Can you believe that networks used to air new episodes on Christmas night? This one isn’t even holiday-themed, although it does score high on the heart-warming scale.
Written by: Ed James. Directed by: Charles Barton.
Coming home from school, Buffy and Jody realize they have a stalker.
The twins want to take him inside, of course, but the building has a no-dogs rule.
Buffy knows that even if they make it their apartment with the dog, they’ll still face a formidable obstacle–Mr. French.
Undeterred, Jody wraps the dog in his jacket.
Upstairs, they sneak past French and head straight for the luxurious Davis bathtub. After the dog’s bath, Buffy observes, he will smell good and everyone will like him better.
Unfortunately, the dog escapes from tub before his bath is over. He heads straight for the living room and a close encounter of the French kind.
“You will capture it and evict it post-haste,” he orders. Meanwhile the dog–which the kids have given the very creative name “Puppy”–is holed up in a cupboard.
Uncle Bill arrives on the scene, and the twins lobby to keep the dog.
When the kids point out that an upstairs neighbor has a French poodle, Mr. French explains that dog is a champion with an impeccable pedigree. As a good, red-blooded American, Bill objects to dog snobbery, but he doesn’t feel he can challenge apartment policy.
Puppy gets the last laugh, though.
Meanwhile, in a threadbare subplot, Cissy is dealing with snobbery, too. A high school social club, the Marvels, has selected her for membership. They won’t accept her underprivileged friend Ingrid, though.
Cissy complains to Uncle Bill about the Marvels. As a social club, he says, they have a right to accept or reject people as they please. He admires Cissy’s conviction, however.
He agrees to approach the apartment manager about keeping the dog and to let the kids entertain Puppy in the meantime.
The snooty kid walking the poodle says his name is Monsieur Cherbourg and he has earned 12 blue ribbons. He also responds to French commands.
The kids still don’t understand why Monsieur Cherbourg has a higher status than Puppy. French decides that taking them to a dog show will enlighten them on the importance of good breeding.
The kids aren’t impressed, but the experience does inspire them to teach Puppy a few tricks.
They have limited success, but it doesn’t really matter. They return home only to learn from Uncle Bill that the apartment manager has vetoed Puppy as a tenant.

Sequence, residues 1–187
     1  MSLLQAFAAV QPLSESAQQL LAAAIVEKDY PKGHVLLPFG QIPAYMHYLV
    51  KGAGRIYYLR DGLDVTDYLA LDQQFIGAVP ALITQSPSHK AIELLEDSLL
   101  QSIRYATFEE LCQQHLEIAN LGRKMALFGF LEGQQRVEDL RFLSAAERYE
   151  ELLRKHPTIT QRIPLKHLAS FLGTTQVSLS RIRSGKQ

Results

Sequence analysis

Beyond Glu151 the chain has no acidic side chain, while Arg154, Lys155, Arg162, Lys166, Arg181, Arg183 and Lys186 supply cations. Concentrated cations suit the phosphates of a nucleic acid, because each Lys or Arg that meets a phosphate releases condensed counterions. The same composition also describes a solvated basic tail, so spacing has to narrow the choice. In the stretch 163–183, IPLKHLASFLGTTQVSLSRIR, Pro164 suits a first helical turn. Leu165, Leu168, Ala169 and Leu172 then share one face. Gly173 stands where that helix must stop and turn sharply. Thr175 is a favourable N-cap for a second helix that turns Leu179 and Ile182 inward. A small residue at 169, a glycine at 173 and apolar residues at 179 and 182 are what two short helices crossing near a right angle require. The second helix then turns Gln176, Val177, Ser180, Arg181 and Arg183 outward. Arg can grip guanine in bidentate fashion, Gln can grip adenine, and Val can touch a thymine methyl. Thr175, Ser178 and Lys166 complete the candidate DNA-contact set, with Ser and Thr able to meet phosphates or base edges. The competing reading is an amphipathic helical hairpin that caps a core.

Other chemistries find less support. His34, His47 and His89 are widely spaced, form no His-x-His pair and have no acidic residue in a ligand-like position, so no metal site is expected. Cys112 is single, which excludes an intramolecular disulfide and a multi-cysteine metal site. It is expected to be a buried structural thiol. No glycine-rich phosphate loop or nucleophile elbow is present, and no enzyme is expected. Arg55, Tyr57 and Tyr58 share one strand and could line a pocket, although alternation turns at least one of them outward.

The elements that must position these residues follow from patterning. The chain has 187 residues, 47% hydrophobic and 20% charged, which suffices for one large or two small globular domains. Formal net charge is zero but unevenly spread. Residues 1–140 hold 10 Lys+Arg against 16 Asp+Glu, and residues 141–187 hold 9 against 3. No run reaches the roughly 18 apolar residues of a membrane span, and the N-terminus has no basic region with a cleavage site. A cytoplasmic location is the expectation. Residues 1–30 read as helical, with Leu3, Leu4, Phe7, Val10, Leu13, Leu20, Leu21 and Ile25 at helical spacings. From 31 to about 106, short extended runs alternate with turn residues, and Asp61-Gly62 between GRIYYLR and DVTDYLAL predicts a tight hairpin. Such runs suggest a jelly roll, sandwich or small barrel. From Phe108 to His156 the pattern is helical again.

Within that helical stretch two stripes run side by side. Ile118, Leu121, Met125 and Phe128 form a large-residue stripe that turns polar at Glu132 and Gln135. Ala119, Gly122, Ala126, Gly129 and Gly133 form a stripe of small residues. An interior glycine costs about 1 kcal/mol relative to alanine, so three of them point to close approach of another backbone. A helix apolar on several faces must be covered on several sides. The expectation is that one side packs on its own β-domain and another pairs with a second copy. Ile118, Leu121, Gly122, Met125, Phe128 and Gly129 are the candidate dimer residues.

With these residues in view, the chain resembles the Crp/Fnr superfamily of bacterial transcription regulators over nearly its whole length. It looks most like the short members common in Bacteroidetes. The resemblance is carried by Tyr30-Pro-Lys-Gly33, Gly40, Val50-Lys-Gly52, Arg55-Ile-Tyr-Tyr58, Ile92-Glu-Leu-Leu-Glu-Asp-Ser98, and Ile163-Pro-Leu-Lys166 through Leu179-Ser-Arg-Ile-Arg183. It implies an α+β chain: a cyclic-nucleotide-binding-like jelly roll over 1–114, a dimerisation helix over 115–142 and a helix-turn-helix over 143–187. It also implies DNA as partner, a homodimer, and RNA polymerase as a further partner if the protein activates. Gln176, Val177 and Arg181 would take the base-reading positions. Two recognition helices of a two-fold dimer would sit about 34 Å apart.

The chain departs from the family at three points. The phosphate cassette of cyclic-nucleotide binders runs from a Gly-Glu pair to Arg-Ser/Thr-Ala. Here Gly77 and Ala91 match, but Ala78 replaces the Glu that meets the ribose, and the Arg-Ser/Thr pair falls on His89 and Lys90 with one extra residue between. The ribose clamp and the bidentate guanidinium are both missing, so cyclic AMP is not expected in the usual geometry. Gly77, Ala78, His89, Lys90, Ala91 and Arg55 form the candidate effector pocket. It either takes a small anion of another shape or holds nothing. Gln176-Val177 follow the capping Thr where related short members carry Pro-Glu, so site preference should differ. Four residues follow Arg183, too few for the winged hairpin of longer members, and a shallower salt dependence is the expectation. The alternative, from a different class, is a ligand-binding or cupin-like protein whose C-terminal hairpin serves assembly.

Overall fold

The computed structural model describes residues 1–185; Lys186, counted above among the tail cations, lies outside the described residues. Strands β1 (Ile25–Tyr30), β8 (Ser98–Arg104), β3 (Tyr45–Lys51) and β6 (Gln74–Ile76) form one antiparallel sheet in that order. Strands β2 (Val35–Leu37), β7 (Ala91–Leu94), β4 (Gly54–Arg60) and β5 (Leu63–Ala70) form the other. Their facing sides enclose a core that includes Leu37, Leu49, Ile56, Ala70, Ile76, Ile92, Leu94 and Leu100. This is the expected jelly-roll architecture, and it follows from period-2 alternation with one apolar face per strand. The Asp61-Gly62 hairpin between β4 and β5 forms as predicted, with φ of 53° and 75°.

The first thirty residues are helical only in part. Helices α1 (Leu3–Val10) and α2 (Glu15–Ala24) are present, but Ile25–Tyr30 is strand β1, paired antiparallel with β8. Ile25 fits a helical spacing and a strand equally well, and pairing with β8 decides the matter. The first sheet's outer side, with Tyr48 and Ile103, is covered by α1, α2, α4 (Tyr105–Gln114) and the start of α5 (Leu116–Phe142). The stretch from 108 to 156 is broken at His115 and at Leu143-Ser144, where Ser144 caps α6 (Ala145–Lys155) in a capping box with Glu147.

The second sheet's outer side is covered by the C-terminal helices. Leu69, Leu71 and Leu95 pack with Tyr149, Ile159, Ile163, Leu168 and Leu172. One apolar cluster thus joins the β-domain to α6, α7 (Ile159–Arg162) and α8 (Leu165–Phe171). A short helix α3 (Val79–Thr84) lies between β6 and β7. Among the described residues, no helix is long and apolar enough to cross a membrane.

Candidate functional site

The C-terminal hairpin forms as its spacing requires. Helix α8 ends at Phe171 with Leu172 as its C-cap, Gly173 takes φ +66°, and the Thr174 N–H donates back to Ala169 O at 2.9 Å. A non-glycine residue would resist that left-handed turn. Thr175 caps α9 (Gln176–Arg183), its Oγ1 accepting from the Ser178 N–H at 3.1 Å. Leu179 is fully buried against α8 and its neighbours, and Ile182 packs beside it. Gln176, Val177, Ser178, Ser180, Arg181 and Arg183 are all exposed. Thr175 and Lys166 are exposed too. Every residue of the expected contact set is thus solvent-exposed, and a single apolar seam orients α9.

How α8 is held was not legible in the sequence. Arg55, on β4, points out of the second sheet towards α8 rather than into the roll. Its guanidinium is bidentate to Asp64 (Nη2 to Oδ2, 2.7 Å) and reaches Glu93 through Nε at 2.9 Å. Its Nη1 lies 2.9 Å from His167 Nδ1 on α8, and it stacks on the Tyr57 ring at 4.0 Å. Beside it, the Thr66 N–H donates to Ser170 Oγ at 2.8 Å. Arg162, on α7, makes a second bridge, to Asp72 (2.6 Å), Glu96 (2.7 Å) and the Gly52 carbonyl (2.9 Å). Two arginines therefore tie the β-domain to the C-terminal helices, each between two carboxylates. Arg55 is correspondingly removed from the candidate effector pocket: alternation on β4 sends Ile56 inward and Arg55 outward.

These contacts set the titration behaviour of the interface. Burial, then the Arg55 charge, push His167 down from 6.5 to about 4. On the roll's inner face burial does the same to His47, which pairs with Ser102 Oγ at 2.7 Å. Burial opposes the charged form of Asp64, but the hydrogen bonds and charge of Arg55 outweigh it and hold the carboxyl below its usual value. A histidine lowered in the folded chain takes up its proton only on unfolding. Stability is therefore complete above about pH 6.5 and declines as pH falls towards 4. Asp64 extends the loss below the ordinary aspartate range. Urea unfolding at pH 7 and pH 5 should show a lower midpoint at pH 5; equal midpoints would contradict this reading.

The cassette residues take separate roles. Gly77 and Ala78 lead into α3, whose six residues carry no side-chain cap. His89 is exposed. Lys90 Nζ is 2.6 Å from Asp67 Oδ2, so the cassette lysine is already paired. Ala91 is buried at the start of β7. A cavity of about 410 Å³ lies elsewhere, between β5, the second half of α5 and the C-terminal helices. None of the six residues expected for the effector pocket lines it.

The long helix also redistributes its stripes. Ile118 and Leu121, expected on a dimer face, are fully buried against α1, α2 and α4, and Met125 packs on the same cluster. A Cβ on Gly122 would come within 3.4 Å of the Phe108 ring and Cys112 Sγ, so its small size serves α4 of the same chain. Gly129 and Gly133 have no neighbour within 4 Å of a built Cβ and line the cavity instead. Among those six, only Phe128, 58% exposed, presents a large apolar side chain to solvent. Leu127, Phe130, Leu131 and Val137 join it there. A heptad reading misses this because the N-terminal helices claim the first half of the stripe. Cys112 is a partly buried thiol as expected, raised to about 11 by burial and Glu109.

Once again, though, Cissy’s example gives him a change of heart.
Bill gets his secretary on the phone and tells her to make arrangements for him to host a dog show in the park. (I’ll bet that assignment made her day.) This dog show will welcome non-pedigreed pups, and real kennel club judges will preside.
At the show, Bill tells French that he’s hoping Puppy will win a prize, which will give Bill more leverage with the apartment manager. French is surprised that Bill didn’t fix the contest outright.
French wonders why Puppy won in three categories (four, actually), then laughs when he realizes that Puppy is “a little bit of each.”
Returning to the apartment building, the kids inform Snooty Poodle Girl that Puppy is a champion.
Next, the family confronts the apartment manager. When he tries to differentiate between Puppy’s champion status and the poodle’s, Bill dares him to explain the difference to the kids.
(He’ll soon have his hands full dealing with other tenants’ ersatz pet show winners, I suspect.)
Buffy and Jody are thrilled that they get to keep Puppy.
The episode ends by driving home the point that all dogs are the same under the fur.
This episode isn’t deep, but it has plenty of cuteness going on. The disturbing thing is that we will never see Puppy again. Best case scenario: He went to live in Connecticut with Rosie the horse. Worse case scenario: He took a Mrs.-Beasley-style swan dive off the terrace.
We get a Scotty sighting and a Miss Lee mention.
Lewis: Richard Bull. Girl: Kym Karath. Mrs. Hobson: Gerry Lock. Scotty: Karl Lukas. Judge: Larry Thor. Ingrid: Terry Burnham.
Bull is best known for playing the beleaguered Nels Oleson on Little House on the Prairie.
Karath makes her second of three Family Affair appearances.
Lock kept acting at least through the early 2000s, mostly in parts like “Old Woman” and “Little Old Lady.”
This Week’s Bonus Feature
This week, I’m presenting another Family Affair collectible–a lunchbox from 1969, manufactured by King Seeley Thermos.